Gutknecht Out, Kennedy Up: Republican operatives in Minnesota and Washington breathed a bit easier last week when Rep. Gil Gutknecht announced he would not run for the seat of retiring Democratic Sen. Mark Dayton next year. The decision of Gutknecht (lifetime ACU rating: 94%) now leaves three-term Rep. Mark Kennedy (lifetime ACU rating: 92%) in a commanding position to win the GOP nod in ’06. At this point, the lone obstacle between Kennedy and the Senate nomination is former Sen. (1994-2000) Rod Grams, who was unseated by Dayton in 2000. Most Gopher State GOP leaders hope that Grams, whose re-election was plagued by negative stories about his personal life, won’t attempt the comeback bid. Meanwhile, eight Democrats in county and legislative office are being boomed for nomination to Dayton’s seat.
Post-Bush: With Republican Gov. Jeb Bush termed out in ’06, maneuvering for the Florida statehouse is already in full swing. According to a just-completed Strategic Visions poll, 35% of Sunshine State Republicans favor state Atty. Gen. Charles Crist for the gubernatorial nod, 20% favor Chief Financial Officer (and past holder of other statewide offices) Tom Gallagher, and 13% support Lt. Gov. Toni Jennings. All are considered moderate-to-conservative.
Among Democrats, the early front-runner is former state education commissioner and narrow ’06 U.S. Senate loser Betty Castor with 31%, according to Strategic Visions. The runner-up (14%) in the poll–businessman Edward “Bud” Chiles, son of the late Sen. (1970-88) and Gov. (1990-98) Lawton Chiles–recently announced he would not run for his father’s old job because he did not meet the Sunshine State’s seven-year residency requirement. Rounding out the race are Rep. Jim Davis with 8%, state Democratic Chairman Scott Maddox 7% and state Sen. Rod Smith 5%.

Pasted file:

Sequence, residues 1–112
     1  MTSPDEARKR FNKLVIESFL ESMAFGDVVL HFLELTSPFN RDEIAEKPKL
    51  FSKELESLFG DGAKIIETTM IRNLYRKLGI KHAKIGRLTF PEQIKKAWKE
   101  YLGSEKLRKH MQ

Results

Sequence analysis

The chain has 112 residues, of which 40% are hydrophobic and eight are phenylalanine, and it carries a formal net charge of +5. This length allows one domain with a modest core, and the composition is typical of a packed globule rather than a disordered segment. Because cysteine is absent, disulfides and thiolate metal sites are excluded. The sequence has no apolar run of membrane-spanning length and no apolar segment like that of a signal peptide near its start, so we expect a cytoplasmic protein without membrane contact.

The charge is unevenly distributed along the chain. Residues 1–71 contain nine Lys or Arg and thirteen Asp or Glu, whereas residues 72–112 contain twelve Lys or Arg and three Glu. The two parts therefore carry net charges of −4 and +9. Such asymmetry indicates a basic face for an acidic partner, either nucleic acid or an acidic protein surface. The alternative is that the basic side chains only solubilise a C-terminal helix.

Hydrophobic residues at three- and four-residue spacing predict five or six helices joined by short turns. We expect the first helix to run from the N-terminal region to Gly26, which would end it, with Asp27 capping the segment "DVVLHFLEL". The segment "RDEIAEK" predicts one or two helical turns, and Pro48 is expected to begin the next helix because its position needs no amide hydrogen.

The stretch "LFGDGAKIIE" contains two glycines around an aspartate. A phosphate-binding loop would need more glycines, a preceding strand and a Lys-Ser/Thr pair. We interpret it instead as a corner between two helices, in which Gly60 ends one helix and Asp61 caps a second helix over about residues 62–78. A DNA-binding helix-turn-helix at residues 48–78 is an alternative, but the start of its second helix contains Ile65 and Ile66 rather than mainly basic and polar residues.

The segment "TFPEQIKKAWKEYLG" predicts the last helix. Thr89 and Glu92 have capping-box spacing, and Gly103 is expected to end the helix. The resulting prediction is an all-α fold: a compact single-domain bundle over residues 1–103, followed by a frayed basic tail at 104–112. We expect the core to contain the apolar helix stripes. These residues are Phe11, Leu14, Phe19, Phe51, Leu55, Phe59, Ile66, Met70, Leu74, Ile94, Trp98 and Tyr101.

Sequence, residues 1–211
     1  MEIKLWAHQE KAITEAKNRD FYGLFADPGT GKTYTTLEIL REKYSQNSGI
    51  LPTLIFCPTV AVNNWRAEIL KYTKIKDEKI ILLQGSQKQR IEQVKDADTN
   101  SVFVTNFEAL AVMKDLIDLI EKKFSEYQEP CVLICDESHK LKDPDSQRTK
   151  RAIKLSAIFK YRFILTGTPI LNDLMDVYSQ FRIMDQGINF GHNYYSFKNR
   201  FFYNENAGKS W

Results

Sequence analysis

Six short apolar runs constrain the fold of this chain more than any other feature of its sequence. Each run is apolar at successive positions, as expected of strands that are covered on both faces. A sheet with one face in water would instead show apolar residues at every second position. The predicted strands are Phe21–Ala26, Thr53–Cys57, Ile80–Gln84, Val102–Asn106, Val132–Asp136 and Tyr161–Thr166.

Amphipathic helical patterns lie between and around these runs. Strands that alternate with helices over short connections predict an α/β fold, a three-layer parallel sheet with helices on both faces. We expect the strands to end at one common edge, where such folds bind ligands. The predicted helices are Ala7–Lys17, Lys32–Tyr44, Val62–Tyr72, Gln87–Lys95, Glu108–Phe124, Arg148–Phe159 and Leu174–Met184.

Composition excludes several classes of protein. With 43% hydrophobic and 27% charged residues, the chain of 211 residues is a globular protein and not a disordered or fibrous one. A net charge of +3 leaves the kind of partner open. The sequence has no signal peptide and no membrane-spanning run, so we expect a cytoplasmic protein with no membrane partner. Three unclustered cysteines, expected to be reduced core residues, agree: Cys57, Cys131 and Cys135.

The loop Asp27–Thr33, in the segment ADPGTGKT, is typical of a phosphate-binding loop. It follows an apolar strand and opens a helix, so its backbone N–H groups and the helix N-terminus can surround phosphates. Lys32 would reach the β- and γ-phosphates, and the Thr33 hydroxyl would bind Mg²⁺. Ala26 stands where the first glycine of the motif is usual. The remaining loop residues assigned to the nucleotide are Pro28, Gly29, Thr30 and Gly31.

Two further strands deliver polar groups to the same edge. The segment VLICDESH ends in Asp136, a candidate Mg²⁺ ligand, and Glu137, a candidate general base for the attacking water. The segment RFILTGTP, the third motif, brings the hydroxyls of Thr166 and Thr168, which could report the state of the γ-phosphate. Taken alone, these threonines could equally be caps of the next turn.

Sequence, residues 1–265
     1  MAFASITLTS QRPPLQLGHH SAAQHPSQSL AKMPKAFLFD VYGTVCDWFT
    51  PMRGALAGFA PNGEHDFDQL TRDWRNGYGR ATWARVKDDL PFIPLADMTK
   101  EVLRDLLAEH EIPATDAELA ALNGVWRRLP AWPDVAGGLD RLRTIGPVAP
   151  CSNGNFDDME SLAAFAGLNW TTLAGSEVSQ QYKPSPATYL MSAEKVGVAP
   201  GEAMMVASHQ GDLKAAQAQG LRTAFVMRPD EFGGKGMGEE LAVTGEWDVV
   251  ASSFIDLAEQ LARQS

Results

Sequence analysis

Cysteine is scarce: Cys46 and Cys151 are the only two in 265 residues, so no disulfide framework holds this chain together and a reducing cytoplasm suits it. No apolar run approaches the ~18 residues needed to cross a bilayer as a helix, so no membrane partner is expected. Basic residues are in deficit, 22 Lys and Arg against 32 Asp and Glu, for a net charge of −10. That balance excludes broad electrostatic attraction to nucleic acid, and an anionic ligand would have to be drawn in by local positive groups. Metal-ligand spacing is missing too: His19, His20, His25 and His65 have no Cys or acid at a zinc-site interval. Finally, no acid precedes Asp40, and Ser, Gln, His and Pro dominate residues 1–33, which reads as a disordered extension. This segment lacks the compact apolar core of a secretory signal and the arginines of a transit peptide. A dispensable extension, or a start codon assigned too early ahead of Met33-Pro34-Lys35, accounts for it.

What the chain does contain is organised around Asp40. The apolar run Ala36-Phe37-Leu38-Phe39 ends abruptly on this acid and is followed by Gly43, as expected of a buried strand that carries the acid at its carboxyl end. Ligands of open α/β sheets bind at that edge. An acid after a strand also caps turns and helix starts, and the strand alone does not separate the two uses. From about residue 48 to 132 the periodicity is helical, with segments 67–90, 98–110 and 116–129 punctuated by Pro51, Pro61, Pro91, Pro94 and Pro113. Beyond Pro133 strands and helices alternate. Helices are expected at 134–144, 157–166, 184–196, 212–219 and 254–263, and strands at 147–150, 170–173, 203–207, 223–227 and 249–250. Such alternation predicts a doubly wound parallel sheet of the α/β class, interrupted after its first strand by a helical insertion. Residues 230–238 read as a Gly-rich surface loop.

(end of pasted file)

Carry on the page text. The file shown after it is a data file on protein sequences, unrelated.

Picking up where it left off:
Under an election reform law signed by Bush, there is no longer a run-off if no primary candidate gets 50% of the vote. Instead, the top vote-getter in primaries now becomes the nominee, regardless of his percentage of the vote.
All Quiet on the Western Front (New Mexico): For more than a year, New Mexico Republicans saw political fratricide up close, as the forces of former state party chairman John Dendahl and the woman who unseated him, state Sen. Ramsey Gorham, continued to duke it out. In spite of schism, the Land of Enchantment delivered its five electoral votes to President Bush last fall, a turnabout from 2000. Gorham, under pressure to choose either the chairmanship or run again for the Senate, stunned supporters and opponents alike by announcing she would do neither. Even more surprising was that there was no competition to succeed her as chairman. The choice of all factions was Allen Weh, a retired U.S. Marine colonel. Albuquerque man Weh had been a vigorous volunteer in the campaigns of Rep. Heather Wilson and of Bush and is considered a strong conservative.